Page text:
For all its joys, the hot season is a pain in the arse. Author Russell Baker had it best: “Ah summer, what power you have to make us suffer and like it”. True enough, it makes masochists of us all; whether we’re sweltering in a suit on public transport or masquerading as barbecued meat as we burn on a beach, the heat doesn’t always allow for our best performances, especially when it comes to our style. And that’s without even starting on the myriad pitfalls of travelling. It’s enough to make you want to stay indoors.
Of course, that’s not an option. To borrow from some nameless youths, summer is ‘where it’s at’. And to paraphrase Shakespeare: Shall I compare thee to a summer’s day trip to the coast? Thou ain’t as lovely nor as temperate. Because days at the beach trump everything and holidays are why we go to work in the first place.
So a man needs to know how to style it out when the mercury rises. Start by looking around you. There’s always that guy on the underground breezing to work in a shorts suit while everyone else gasps for air through the door cracks. Invariably there’ll be a pair of white chinos turning heads in the airport while you rock up in swim shorts and a band tee. Benedict Cumberbatch at Wimbledon.
No, these men are not blessed with some kind of divine internal thermostat. Rather they’re sporting a little fabric nous, which allows them to wear what threads they want without sweating like that suckling pig you’re definitely going to eat if you can find a linen blazer for your mate’s hog roast this weekend.
Of course, there are problems that go beyond simple material mishaps. Packing for your holiday leaves blazers looking like crepe paper by the time you land. How on this hot, green earth are you supposed to style your hair when the sun’s microwaving your head? And what the hell is with those irremovable yellow armpit stains on white T-shirts? It’s one-nil to summer.
These are problems easily solved, however, when you look to men in the know. Which is why we bribed the savviest summer sartorialists (at great cost, mind you: two Cornettos and a Magnum in total) in return for the inside track on staying cool in the heat. All you need do is dust off the shades and study this action plan. We’ll see you on the beach for some joyful suffering and that first sweet Corona.
The Cool Men In Your Corner
Dan Rookwood, US Editor Of Mr Porter (DR)
Never caught short when on the move, wayfaring style journalist Mr Rookwood looks the part come rain or blistering shine. His expertise is put to use by hot brands including GQ, The Times and ES Magazine.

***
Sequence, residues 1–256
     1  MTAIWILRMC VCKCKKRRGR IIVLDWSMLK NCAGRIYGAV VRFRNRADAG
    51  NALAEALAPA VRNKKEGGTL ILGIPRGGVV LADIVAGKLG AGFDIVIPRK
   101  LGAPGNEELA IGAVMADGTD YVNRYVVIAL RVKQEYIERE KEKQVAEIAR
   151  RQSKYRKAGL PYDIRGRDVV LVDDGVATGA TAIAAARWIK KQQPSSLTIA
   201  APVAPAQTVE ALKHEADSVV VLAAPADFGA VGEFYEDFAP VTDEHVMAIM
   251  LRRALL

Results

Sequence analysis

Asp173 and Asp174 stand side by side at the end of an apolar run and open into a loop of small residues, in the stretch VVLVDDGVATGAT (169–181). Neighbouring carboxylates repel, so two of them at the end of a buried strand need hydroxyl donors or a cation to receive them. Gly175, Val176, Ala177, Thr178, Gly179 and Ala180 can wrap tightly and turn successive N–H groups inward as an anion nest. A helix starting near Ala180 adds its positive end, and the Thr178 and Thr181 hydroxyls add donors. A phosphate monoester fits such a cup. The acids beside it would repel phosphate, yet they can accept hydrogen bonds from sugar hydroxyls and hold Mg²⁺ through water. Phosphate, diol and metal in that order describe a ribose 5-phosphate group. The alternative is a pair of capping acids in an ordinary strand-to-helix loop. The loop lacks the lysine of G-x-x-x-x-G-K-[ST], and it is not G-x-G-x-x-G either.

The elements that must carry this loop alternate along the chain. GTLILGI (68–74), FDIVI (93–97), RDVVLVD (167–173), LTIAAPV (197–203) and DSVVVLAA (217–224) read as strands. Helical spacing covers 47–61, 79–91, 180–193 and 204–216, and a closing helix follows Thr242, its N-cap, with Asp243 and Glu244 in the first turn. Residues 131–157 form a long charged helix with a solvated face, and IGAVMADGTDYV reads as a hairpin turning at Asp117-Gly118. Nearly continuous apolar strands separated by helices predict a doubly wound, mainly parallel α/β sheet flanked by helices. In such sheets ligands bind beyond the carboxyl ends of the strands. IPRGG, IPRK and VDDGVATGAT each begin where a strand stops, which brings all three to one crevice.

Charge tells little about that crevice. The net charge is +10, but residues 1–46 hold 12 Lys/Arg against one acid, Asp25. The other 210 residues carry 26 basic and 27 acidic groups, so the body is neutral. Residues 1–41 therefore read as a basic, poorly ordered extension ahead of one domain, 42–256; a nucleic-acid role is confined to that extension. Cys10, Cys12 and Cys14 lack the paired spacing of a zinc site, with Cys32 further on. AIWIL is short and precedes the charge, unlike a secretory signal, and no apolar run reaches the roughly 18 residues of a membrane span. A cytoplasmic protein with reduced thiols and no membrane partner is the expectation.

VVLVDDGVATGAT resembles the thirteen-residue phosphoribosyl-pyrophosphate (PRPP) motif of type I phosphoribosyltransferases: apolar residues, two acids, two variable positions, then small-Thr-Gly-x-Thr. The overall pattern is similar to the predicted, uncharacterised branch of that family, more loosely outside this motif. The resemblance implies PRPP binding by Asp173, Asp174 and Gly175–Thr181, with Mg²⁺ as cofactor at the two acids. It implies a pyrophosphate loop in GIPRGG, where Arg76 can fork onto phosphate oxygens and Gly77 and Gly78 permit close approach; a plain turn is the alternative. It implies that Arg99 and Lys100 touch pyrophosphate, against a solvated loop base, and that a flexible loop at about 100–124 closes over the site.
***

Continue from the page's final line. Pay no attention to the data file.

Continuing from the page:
Phill Tarling, London Celebrity Stylist (PT)
Called upon to make stars look their best under the hot, hot heat of TV lights and then seem on-point in the soporific studio environment, Tarling is well placed to rework your wardrobe and streamline your summer.
Jamie Millar, Associate Style Editor Of Men’s Health (JM)
If Jamie isn’t keeping his cool in the front row of men’s fashion shows, you’ll find him outdoors, somehow managing to make summer workouts look stylish.
His hairstyle hacks will help you keep your head, indoors and out.
Jack Gibson, Aesthetic Expert At PHI Clinic (JG)
Running things behind the scenes at London’s premier cosmetic clinic, PHI, Jack knows more than the average Harley Street expert about the final solutions for sweat problems during summer.
1. Cool Investments (PT)
Maybe you work in a suits-only office or perhaps you just need another line of defence between skin and shirt. Either way, as counter-intuitive as it sounds, adding a vest is the best way to control the sweats.
The Cool & Fresh vests at Marks & Spencer or AIRism vests at Uniqlo react with body heat to absorb moisture and reduce sweating. Definitely not to be confused with a Sweat Vest, designed to make you sweat even more.
2. Hot Headed (JM)
They say with confidence a man can make anything look good. We say that adage does not apply to hair wax streaming down your forehead into your eyes.
You’re best off styling your barnet with a sea salt spray – Murdock does a great version for £20 – which offers hold without adding weight or grease to your hairstyle.
Applied well, it makes you look like you’ve just finished a thirty-minute session tearing up the surf.
3. Groom To Manoeuvre (DR)
Products face perils on your travels. Liquids often leak at altitude, so squeeze containers a little before screwing on the cap to give the contents some room to expand with changing air pressure.